You’ve made a big goal to get fit and be in the best shape of your life. It’s the beginning of a new year, or you’re 2 months out from your beach trip, or perhaps it’s one year out from an important wedding. Personally, I make a plan to get fit multiple times a year, and I’m not always successful.
I have a time-honored tradition of quickly abandoning my goals and coming up with excuses such as: work is too busy, the gym is too far away, or social events take precedence. What’s really at work here is my rational mind desiring a higher level of fitness, and my emotional mind completely squashing my hopes and dreams with excuses. From New Year’s resolutions to beach bod goals, only a small percentage of people actually keep their self-made commitments. In the book, Switch: How to Change Things When Change is Hard, the author details the internal conflict of your emotional and rational selves and explains why change is hard.
The good news is that successful change follows a pattern that can be applied to almost any type of change.
Define the goal
Let’s face it, there is no real way to know if you’ve achieved your goal if your goal is a lofty and unmeasurable one like “getting fit.” Every time I hit a new fitness threshold, I’m looking towards the next milestone, without ever truly defining it. . Unless being Sisyphus sounds like your dream, set a fitness goal that is achievable and trackable.
Start with an objective, such as being leaner or fitter, but the main goal is to define a destination that you will clearly recognize when you arrive. For example: complete 90 days of p90x, ten thousand steps a day for a week, being able to do 10 pull ups, running a 5k, or finishing a triathlon.
I love rock climbing so my goal is to be able to climb 5.12- from my current abilities at 5.10d by April 31st.
Shape the path for easy progress
All roads lead to Rome but you have to pick one of them! A singular focused path de-complicates your overall goal and gives you focus. Start by picking one space to focus on: Ex: exercise or diet.
Once you’ve focused the path to arrive at your fitness objective, lets say you picked exercise, now define how you’ll arrive at your destination. For my goal of climbing 5.12- I know that I need core strength, endurance, and technique. For my core strength, I will do core and body weight training two times a week, and the other two days per week I will climb gym routes that independently challenge my endurance, strength and technical abilities. My path involves exercising four times a week. I can definitely do that.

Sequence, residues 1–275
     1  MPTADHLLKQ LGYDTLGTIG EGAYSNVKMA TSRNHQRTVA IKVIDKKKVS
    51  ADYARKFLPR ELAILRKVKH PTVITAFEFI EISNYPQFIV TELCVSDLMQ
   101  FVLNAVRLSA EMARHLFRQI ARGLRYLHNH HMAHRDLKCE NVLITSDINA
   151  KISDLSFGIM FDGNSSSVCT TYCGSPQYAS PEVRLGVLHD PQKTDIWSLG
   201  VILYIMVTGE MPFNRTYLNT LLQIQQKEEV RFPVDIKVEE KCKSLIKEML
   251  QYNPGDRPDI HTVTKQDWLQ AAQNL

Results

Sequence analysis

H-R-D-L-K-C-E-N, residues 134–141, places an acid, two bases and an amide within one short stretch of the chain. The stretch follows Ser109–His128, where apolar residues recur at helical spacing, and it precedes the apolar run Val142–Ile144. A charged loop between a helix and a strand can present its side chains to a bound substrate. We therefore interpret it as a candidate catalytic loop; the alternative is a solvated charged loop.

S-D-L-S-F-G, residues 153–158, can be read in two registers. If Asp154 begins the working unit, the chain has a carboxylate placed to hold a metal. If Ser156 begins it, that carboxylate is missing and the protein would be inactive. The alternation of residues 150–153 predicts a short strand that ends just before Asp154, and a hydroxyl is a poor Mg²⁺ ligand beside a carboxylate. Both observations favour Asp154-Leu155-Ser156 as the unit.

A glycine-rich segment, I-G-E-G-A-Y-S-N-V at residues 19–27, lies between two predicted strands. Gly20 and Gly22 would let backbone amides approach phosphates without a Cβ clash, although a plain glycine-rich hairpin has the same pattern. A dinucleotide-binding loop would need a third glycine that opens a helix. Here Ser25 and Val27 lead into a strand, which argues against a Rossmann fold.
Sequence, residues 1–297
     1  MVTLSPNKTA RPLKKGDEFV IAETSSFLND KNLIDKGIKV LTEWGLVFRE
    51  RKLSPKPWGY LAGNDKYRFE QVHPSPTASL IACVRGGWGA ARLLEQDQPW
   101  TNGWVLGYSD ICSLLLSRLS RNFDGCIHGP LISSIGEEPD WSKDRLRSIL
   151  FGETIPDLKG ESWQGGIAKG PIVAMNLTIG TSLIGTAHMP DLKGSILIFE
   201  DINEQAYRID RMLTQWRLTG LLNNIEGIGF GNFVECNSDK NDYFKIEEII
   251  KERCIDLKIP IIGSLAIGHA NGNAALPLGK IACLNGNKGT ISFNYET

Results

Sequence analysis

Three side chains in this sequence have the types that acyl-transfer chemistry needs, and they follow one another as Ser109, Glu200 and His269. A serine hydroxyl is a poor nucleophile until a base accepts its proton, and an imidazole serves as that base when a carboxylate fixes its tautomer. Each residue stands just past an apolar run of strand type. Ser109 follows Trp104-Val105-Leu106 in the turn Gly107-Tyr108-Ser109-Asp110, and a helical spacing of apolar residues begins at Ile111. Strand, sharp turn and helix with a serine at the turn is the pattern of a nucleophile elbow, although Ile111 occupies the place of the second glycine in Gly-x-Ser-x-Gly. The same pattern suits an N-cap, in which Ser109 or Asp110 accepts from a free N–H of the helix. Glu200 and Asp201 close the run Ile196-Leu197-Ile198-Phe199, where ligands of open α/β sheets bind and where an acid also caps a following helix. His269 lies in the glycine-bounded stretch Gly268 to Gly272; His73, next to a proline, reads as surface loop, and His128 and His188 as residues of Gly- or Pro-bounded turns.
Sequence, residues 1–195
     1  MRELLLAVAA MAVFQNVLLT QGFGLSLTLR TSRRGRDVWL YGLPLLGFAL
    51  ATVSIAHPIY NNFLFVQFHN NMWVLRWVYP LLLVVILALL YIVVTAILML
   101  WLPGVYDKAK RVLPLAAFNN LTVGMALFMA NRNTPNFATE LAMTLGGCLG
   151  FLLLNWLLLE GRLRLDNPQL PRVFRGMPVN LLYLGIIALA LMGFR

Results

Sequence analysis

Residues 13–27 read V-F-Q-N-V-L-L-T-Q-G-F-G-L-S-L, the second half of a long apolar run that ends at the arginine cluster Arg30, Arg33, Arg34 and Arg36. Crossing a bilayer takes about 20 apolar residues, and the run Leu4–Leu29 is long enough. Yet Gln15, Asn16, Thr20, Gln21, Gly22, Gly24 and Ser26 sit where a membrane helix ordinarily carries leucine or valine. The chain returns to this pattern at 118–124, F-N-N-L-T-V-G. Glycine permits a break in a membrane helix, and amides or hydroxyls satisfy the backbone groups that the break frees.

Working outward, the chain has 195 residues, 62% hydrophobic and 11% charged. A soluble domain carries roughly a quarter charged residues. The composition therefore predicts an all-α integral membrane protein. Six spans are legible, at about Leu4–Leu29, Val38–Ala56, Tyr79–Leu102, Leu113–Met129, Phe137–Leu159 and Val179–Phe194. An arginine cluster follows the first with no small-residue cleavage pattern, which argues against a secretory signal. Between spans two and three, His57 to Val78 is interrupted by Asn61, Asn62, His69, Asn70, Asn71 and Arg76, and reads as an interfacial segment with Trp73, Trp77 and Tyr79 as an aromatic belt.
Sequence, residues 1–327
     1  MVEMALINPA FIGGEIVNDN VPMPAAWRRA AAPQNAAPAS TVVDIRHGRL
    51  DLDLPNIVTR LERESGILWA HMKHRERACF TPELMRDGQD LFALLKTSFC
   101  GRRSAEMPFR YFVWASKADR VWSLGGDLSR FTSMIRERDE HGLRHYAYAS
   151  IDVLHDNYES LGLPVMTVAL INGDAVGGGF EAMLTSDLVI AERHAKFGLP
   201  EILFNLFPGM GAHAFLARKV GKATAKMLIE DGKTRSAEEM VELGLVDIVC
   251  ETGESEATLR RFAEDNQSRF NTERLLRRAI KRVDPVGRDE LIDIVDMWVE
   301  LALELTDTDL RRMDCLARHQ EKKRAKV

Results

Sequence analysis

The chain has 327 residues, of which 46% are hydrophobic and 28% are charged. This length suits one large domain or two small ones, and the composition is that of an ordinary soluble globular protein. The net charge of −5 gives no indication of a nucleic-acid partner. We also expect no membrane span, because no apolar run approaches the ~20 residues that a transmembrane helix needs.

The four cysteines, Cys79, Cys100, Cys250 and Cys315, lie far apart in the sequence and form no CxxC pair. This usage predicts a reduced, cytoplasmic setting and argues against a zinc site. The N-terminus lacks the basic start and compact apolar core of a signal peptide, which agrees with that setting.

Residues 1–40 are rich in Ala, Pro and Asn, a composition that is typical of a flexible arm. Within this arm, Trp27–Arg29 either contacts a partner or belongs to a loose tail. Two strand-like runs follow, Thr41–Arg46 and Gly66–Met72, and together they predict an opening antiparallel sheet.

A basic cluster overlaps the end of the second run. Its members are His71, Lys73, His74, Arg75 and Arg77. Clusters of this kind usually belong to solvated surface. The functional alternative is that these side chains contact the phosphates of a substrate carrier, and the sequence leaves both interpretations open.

If your goal is to complete a 5k, your objective would be to follow a couch to 5k plan. Let me google that for you.
Motivate by tapping into emotion
Think of your emotional mind as a 8-ton elephant that you must coax and lead down a precarious path full of cliff lines and obstacles that are booby trapped and ready to cripple or even kill your goal. Taking the first steps, continuing the journey, and heading back down the path after delays is difficult. You must create an emotional appeal that has as many rational benefits as emotional ones.
An emotional motivations or rewards that motivate me are travel and vacation. For my climbing goal, I will reward my hard work with a visit to sport climbing mecca at El Potrero Chico, Mexico. One week of vacation, two weekends, thousands of vertical feet of bolted routes, and an opportunity to work as a team to overcome physical and emotional challenges with my friends and wife. If you take this approach and your goal involves a 5k, find an awesome 5k in a destination city.
You also need motivation and reward throughout the process, so try to create some system of pavlovian reward for each time you successfully take a step forward. Drink a healthy protein shake after every workout, post every run on Strava, watch an episode of your favorite show, record your progress, or simply tell yourself out loud how freaking awesome you are becoming.
Tech to help
There are a lot of apps that will help you with your fitness but it’s important to pick a solution that will help you choose and complete your goals. In my search for apps that apply a solid formula for successful change I found a few worthy of mention. Check out Coach.me and Record by Under Armor to find apps with powerful features and integrations that will help you make, track, and keep you accountable to your goals.
Record by Under Armor
The Elephant, The Rider and the Path
A video published by Rare that highlights the behavior change process for achieving real change using the analogy of an elephant, a rider, and a path.
Party on Wayne
This journey should be fun and enjoyable. Achieving your goals will involve sweat and tears, but the feeling you’ll have at your destination will be a flood of positive experiences with a sense of high achievement. I believe in myself, and I believe in your ability conquer your personal goals. Remember you have to move an eight ton elephant, do your due diligence, chart your path to success, and celebrate your achievements with a mega reward at the destination.